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Germany: Discounter Penny trials charging true climate cost of foods

Discount Retail Chain Penny Germany (owned by the German REWE Group) raises price of products including wiener sausage, cheese and yoghurt in week-long experiment

One of the 5 main discounters in Germany has raised the prices of a selection of its products to reflect their real cost on people’s health and the environment.

In a week-long experiment in all 2,150 stores of the Penny chain, a range of nine products, mainly dairy and meat, will be priced at what experts from two universities have deemed to be their true cost, in relation to their effect on soil, climate, water use and health. The “wahre Kosten” or “real costs” campaign has seen the price of wiener sausages rise from €3.19 to €6.01, mozzarella go up by 74% to €1.55, and fruit yoghurt increase by 31% from €1.19 to €1.56.

The awareness promotion week is taking place in conjunction with academics from the Nuremberg Institute of Technology and the University of Greifswald, and was triggered by the conviction among consumer researchers that price tags in supermarkets in no way reflect the true environmental or long-term health costs of producing the foodstuffs and getting them on to retailers’ shelves.

Included are a range of foods from cheese and other dairy products to processed meats such as sausages, as well as vegan meat replacements such as vegan schnitzels (which were given a moderate 5% increase). Wiener sausages and the popular maasdamer cheese, which has risen by 94% to €4.84, are among the items to go up most in price. Regarding the cheese, the scientists calculated hidden costs of 85 cents for climate-harming emissions such as methane and CO2, as well as 76 cents for damage to the soil from intensive farming and animal feed production, 63 cents for the effect of pesticides used, including their impact on the health of farmers, as well as 10 cents for pollution of groundwater through the use of fertiliser. The discounter has said it will donate the excess proceeds it makes from the sales, without commenting on whether it was prepared to take a knock in profits. The charity Zukunftsbauer or Future Farmer, which supports family-run farms in Alpine regions, many of which are increasingly struggling to survive amid low returns or sometimes even making losses on their produce, will be the beneficiary. “We wish to create an awareness around the hidden environmental costs of groceries,” Penny’s chief operating officer, Stefan Görges, told German media. “We need to put out the uncomfortable message that the prices of our foodstuffs which are accrued along the supply chain in no way reflect the environmental on-costs.”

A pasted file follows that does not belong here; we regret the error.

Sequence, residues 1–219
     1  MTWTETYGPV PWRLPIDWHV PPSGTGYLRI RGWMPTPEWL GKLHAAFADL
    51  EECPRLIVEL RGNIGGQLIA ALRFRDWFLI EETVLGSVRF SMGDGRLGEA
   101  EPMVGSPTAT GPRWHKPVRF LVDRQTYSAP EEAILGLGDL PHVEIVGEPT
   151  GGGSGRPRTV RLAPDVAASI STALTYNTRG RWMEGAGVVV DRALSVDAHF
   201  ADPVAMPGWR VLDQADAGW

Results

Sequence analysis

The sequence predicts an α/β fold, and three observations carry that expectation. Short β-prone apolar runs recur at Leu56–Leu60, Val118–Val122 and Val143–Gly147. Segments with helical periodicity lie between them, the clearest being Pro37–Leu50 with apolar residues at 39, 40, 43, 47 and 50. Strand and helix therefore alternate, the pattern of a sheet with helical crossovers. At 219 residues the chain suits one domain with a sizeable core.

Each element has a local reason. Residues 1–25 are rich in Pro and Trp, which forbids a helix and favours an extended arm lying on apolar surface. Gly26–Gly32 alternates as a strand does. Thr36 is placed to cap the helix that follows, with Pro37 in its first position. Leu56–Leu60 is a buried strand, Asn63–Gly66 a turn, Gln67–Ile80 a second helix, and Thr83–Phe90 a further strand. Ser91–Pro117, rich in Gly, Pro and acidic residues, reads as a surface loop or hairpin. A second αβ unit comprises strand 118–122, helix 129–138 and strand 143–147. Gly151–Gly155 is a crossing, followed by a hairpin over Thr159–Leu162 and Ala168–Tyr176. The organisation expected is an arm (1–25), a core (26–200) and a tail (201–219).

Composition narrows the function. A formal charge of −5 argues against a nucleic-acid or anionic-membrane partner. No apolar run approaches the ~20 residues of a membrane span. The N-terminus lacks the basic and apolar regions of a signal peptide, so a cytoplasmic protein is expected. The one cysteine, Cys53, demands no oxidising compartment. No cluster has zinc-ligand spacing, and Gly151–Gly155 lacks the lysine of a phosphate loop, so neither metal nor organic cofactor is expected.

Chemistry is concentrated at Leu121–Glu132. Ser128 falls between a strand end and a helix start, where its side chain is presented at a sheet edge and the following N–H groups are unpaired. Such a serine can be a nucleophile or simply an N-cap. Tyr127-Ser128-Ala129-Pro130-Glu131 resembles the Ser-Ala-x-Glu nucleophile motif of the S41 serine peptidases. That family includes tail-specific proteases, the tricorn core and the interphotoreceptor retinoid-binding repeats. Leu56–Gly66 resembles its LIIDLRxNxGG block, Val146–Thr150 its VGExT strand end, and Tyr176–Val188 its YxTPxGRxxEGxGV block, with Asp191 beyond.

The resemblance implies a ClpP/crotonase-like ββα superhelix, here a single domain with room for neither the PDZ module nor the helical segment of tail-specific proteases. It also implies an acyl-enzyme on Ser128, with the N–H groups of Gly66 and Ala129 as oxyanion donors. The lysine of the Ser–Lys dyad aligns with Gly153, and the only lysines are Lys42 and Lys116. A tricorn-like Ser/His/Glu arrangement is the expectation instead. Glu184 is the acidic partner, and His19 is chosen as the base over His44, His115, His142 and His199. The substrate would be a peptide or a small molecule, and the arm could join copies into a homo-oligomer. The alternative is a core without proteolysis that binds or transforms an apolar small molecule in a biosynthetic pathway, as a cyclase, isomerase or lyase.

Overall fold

Dr Amelie Michalke, an industrial engineer and sustainability expert from the University of Greifswald in northern Germany, said it was not yet possible to present the real cost to health and the environment for more than a select range of products. The experiment had therefore been limited to a smaller range for which it had been possible to make realistic calculations. “There is a lack of comprehensive scientific groundwork on this. But we hope this will give us a strong impulse to discuss and consider prices for groceries in a way that is user-friendly and fair,” she said.


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